McCain urges resolution of Guantánamo cases
Arguing that "even Adolf Eichmann got a trial," Republican Sen. John McCain said yesterday that the Bush administration must establish a...
Knight Ridder Newspapers
Arguing that "even Adolf Eichmann got a trial," Republican Sen. John McCain said yesterday that the Bush administration must establish a system to try and perhaps free suspected terrorists from Guantánamo Bay, Cuba — even if they turn around and attack the United States.
"Some of these guys are terrible, terrible killers and the worst kind of scum of humanity," the Arizona senator said on NBC News' "Meet the Press" of the 520 men from dozens of nations who have been swept up around the globe in the war on terror.
But, "they deserve to have some adjudication of their cases," he said, despite a "fear that, if you release them, they'll go back and fight against us. Balance that against what it's doing to our reputation throughout the world and whether it's enhancing recruiting for people to join al-Qaida and do bad things to the United States of America."
Israel hanged Eichmann in 1962 for deporting Jews and others to Germany's concentration and death camps during World War II, when 6 million Jews were killed. Israel sent agents to secretly snatch Eichmann in 1960 from an anonymous life in Argentina, then put him on public trial in Jerusalem.
Yesterday marked the third week that Washington politicians stirred the Sunday morning talk shows with debate over what to do about the 3-year-old prison complex — which has been condemned by human-rights groups as mistreating prisoners, in part because it allegedly denies captives due process.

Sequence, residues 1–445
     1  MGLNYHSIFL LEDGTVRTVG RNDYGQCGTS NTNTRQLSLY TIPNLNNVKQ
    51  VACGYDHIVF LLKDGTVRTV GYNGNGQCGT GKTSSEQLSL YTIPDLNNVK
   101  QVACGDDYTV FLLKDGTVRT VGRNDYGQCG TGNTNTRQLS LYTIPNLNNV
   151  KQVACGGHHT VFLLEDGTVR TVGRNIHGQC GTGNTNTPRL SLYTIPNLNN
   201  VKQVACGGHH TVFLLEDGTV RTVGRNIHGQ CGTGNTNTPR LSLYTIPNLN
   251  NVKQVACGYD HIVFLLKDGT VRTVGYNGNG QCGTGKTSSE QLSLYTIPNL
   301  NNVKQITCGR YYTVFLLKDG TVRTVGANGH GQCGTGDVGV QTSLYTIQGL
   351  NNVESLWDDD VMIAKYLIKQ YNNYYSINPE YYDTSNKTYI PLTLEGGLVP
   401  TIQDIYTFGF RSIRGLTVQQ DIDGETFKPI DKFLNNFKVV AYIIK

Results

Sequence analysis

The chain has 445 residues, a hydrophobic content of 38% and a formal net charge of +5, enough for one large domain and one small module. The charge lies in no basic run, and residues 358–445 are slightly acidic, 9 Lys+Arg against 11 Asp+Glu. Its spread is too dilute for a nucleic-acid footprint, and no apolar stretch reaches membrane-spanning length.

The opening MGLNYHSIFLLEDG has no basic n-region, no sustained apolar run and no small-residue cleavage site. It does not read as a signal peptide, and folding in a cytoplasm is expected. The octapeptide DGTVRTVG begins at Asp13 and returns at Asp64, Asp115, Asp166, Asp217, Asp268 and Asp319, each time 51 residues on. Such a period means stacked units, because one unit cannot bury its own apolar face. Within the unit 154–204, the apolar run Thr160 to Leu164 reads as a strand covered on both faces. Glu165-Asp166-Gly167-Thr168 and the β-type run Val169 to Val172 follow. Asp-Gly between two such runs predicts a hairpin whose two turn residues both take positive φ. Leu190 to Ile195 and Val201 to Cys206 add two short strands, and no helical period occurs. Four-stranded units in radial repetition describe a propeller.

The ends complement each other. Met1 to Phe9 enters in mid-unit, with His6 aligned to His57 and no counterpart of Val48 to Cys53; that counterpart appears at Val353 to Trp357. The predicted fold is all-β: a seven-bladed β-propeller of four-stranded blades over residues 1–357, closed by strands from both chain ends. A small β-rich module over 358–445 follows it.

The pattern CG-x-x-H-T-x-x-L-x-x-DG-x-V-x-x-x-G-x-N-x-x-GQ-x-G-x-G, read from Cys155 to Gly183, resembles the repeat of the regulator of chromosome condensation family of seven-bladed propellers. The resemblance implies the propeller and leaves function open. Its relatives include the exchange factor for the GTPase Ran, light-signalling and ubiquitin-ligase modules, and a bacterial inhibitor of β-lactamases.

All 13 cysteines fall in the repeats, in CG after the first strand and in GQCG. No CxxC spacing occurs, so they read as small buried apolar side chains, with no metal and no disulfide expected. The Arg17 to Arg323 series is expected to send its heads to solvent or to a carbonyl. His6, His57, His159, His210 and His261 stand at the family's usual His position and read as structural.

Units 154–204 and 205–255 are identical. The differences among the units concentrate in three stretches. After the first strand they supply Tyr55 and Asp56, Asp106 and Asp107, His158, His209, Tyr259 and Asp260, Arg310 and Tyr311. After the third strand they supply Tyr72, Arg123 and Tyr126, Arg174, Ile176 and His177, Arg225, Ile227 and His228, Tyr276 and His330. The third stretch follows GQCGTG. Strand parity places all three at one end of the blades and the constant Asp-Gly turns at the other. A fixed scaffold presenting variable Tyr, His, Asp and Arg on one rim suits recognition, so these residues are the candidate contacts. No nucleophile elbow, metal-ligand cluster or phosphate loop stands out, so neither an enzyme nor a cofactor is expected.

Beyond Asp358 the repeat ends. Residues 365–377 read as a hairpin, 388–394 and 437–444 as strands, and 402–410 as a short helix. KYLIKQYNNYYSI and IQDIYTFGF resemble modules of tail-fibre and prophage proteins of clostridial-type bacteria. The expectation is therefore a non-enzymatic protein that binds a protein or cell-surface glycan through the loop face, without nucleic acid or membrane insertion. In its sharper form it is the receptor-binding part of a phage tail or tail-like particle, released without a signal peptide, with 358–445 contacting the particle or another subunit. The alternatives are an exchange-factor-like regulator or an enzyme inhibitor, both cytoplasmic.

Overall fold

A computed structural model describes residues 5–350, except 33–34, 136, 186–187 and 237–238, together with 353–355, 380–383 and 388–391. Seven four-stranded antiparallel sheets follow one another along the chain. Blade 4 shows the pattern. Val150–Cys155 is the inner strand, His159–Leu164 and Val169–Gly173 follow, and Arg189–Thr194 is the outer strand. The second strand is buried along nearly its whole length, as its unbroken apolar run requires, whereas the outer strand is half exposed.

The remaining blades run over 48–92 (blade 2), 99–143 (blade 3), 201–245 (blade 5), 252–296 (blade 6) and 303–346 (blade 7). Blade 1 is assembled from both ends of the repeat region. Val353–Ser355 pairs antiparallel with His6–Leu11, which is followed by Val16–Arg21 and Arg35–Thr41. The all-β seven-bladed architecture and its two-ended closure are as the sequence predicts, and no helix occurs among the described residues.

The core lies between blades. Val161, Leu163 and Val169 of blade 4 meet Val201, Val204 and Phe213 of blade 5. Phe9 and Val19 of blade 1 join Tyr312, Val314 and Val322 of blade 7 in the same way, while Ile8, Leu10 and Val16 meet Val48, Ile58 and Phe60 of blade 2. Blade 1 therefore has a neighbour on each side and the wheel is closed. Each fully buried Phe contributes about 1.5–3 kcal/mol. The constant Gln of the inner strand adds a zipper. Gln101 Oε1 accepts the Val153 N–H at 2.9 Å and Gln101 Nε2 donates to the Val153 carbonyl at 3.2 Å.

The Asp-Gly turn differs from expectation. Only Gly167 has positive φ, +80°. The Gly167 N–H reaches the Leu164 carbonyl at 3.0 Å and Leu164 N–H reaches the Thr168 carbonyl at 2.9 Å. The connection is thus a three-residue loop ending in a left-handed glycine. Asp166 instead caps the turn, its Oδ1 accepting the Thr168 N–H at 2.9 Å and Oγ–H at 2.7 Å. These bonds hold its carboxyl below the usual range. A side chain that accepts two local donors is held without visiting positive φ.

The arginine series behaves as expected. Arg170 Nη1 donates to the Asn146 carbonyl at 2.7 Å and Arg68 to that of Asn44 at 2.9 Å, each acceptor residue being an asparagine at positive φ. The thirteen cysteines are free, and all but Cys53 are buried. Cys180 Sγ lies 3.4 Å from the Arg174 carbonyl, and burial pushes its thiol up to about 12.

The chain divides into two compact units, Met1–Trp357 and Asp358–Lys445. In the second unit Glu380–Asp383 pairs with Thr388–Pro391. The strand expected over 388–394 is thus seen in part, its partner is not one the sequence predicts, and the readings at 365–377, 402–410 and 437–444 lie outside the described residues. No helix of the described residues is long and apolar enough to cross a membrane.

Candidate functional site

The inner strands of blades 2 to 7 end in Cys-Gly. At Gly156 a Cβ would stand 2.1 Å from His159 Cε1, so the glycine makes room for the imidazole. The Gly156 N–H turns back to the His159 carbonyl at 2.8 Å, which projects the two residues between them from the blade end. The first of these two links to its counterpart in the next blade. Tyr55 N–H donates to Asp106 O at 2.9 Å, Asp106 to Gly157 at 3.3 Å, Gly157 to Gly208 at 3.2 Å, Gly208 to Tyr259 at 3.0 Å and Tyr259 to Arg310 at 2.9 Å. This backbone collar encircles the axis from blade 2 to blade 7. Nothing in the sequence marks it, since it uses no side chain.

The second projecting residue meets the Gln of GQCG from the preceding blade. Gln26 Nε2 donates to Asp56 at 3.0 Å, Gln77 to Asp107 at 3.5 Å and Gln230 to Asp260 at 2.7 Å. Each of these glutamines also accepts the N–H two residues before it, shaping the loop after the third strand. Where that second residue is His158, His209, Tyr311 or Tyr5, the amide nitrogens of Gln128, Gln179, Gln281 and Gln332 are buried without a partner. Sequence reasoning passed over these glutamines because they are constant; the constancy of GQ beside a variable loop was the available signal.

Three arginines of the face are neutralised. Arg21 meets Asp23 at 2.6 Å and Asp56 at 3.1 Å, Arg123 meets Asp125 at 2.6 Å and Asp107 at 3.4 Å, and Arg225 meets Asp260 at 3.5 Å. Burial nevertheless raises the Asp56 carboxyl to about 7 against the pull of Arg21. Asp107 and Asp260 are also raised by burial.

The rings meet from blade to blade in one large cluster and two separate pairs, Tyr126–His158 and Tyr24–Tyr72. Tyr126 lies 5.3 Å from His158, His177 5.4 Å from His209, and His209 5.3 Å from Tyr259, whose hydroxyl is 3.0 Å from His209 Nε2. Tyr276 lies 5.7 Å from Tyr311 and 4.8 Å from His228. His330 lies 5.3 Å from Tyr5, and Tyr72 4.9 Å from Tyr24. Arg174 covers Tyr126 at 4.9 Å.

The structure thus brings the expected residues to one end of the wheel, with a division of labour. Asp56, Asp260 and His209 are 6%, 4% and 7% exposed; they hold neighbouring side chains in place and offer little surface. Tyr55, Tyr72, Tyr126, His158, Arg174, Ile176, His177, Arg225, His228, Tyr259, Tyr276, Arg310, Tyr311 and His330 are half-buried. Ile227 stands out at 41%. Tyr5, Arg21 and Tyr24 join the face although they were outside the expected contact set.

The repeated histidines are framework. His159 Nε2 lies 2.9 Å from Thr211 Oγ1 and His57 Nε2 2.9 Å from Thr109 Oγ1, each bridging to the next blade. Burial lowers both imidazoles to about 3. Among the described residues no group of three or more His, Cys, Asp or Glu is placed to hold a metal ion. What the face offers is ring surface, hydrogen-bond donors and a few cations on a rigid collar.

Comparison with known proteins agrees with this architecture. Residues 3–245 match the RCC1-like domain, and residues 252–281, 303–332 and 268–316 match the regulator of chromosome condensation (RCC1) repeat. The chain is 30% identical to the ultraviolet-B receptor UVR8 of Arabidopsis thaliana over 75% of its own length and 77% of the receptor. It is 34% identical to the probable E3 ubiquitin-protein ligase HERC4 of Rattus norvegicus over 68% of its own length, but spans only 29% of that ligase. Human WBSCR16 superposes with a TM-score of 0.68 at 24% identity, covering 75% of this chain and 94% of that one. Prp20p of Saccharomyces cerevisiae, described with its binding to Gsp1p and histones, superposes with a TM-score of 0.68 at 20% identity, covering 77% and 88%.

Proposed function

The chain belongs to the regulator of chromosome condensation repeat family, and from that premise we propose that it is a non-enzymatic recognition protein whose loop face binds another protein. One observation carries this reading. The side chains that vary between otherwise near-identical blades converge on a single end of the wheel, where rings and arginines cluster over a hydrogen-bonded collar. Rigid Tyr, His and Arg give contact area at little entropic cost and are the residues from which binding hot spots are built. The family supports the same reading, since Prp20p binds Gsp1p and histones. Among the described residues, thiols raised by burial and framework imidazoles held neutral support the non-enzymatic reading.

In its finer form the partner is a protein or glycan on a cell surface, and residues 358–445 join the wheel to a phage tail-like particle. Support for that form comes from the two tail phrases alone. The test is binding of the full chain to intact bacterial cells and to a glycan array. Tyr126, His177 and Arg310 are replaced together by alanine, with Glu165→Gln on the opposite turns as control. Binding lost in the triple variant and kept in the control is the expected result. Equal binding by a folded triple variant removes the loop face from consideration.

The Bush administration says the prison camp in Cuba is humane and that the captives are Taliban or al-Qaida members, or their sympathizers.
Secretary of State Condoleezza Rice defended the policy from Jerusalem on CNN: "The president has an obligation to protect the American people. We had to take these people off the battlefield, we had to get intelligence," she said, alleging that some captives released from Guantánamo in the past years had turned up on "the battlefield again."
Jane Harman, D-Calif., the top Democrat on the House Intelligence Committee, said Congress needed to intervene by legislating new policies on detention and interrogations.
"Probably we should detain [suspected terrorists] on U.S. soil, which is not Guantánamo," she said. "The hard part is try them under what laws and where?"
McCain is emerging as a voice of conscience and nuance on the stay-or-go Guantánamo issue. A veteran Navy pilot who spent more than five years as a prisoner of war at Vietnam's "Hanoi Hilton," he has repeatedly avoided the issue of whether U.S. troops mistreat the detainees and focused instead on the policies they carry out.
He agreed with former presidential candidate Ross Perot — who worked to improve the treatment of American POWs in Vietnam — that reports of abuses at Guantánamo could become an incentive to treat future captives brutally.
"We will not have as high a moral ground the next time we are in a conflict and Americans should become prisoners of war," he warned. "And it worries me, it keeps me awake at night. It really does."
Sam and Sara Lucchese create handmade pasta out of their kitchen-garage adjacent to their Ballard home. Here, they illustrate the final steps in making pappardelle pasta.
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